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Durable Goods

Durable Goods - Defining

Durable Goods or Durable Products or Hard Goods are products which are either consumed and used or disposed and destroyed after serving usefulness for a long period of time in future.Durables consumption change according to the market.

Saturday, 12 February 2011

Wealth Distribution and Durable Goods


In the United States, wealth is significantly more unequally distributed than earnings. Models with uninsurable idiosyncratic labor risk have been used widely to study the determinants of wealth inequality across households and to try to understand this fact. In these models, wealth inequality arises because a market to insure specific earnings risks does not exist and households self-insure by accumulating an asset (assumed to be perfectly liquid) that is used to smooth consumption over time. Our contribution is to quantitatively study the determinants of wealth inequality in economies where households not only accumulate liquid financial assets, but can also save in the form of illiquid assets such as a house. In reality, houses also provide collateral for loans. The question that we address is whether the inclusion of illiquid assets that serve as collateral amplifies or mitigates the effect of uninsurable idiosyncratic labor risk on wealth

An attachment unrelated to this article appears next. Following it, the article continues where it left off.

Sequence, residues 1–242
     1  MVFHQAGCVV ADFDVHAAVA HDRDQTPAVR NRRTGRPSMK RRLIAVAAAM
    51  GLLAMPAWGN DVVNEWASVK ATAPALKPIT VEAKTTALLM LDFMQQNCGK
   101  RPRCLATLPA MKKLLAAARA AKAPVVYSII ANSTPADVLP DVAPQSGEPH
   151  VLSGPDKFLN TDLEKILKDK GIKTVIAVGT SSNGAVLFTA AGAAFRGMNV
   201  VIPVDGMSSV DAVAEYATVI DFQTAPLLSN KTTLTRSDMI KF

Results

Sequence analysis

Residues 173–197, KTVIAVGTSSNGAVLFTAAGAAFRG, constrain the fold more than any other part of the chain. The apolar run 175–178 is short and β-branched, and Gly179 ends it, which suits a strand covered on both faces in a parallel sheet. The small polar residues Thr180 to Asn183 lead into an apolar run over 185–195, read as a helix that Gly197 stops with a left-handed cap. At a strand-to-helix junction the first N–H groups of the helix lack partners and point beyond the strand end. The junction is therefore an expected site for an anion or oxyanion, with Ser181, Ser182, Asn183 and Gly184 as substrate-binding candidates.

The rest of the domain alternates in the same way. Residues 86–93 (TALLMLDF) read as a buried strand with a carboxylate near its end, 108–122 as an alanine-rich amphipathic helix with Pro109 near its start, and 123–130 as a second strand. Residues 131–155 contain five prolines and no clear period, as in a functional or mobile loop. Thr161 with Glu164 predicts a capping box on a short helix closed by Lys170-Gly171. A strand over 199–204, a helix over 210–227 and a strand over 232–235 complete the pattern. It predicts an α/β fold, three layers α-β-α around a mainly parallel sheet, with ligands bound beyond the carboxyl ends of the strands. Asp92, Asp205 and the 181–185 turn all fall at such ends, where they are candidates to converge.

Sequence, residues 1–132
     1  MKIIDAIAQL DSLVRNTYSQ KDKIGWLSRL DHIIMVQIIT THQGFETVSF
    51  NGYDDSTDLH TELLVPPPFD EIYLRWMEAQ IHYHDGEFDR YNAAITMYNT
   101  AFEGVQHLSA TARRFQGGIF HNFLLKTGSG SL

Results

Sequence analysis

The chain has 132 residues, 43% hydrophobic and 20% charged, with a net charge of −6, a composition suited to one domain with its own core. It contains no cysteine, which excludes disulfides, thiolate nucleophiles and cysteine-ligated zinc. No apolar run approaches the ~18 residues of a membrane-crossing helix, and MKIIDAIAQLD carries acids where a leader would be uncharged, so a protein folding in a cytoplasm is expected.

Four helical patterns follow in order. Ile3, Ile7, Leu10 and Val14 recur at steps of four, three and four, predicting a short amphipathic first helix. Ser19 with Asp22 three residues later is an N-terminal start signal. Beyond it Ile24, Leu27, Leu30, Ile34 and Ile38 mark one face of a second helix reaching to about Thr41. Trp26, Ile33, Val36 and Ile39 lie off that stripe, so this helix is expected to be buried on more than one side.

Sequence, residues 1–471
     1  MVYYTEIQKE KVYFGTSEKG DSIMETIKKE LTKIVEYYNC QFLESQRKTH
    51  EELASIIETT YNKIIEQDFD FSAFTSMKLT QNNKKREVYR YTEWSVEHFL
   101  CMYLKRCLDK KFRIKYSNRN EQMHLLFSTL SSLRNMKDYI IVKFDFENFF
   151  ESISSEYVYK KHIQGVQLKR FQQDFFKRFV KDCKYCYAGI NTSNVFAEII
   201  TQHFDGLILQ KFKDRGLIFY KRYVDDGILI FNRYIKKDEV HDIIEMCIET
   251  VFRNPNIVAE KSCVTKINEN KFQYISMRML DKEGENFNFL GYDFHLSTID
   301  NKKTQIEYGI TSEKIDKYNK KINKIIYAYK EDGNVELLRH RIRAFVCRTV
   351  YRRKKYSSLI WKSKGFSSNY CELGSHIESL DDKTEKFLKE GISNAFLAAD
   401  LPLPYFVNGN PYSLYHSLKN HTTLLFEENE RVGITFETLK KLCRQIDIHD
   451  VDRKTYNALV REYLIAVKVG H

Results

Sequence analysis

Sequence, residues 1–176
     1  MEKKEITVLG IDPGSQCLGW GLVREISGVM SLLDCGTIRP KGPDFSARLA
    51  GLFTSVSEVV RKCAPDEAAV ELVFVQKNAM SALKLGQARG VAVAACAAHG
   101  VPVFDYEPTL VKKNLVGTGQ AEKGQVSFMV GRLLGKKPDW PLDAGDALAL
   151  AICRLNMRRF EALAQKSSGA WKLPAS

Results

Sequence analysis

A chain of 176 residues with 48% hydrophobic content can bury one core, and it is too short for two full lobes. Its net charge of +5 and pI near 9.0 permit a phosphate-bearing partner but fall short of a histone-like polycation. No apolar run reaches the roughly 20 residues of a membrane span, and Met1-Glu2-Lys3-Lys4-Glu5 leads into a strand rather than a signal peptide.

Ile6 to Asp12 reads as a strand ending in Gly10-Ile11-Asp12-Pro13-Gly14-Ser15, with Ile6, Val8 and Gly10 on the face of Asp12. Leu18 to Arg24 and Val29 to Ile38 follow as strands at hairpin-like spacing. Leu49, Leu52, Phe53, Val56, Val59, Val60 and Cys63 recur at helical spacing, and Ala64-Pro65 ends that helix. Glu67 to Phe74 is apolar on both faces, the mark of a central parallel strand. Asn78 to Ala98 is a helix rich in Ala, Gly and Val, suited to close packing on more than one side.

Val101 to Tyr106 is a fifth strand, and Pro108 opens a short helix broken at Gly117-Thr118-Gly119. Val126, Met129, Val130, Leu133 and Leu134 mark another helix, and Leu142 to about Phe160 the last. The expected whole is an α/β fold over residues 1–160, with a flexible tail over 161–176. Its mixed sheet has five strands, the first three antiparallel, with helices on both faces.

inequality. 

This project is motivated by the fact that houses comprise almost 40 percent of the total wealth held by households in the U.S. economy. Moreover, according to the Survey of Consumer Finances, 92 percent of all available credit to consumers is collateral credit. Collateral debt accounts for 15.5 percent of aggregate household net worth and the average ratio of collateral credit to total debt across households is roughly 79 percent.In this post, we build a general equilibrium model economy of ex-ante identical households who face uninsurable idiosyncratic shocks to their labor endowments. Households have two means of
saving: liquid financial assets and illiquid houses. We model houses as assets that can be adjusted to any level at a given non-convex cost. Furthermore, houses can be financed (minus a down payment) and can be used as collateral for home equity loans. For simplicity, we allow no other form of credit. In our model, households derive utility from consumption of a nondurable good and durable goods from housing services. We assume there is no rental market for houses so households obtain housing services by purchasing residential stock. We calibrate the model economy so that its steady state statistics match selected aggregate statistics of the U.S. economy and data on the earnings distribution. In particular, we construct an earnings process that is a mixture of a process estimated directly from the data plus an extra shock that allows us to jointly match the observed level of earnings and wealth inequality. We assume there are two types of households, regular households and superstars.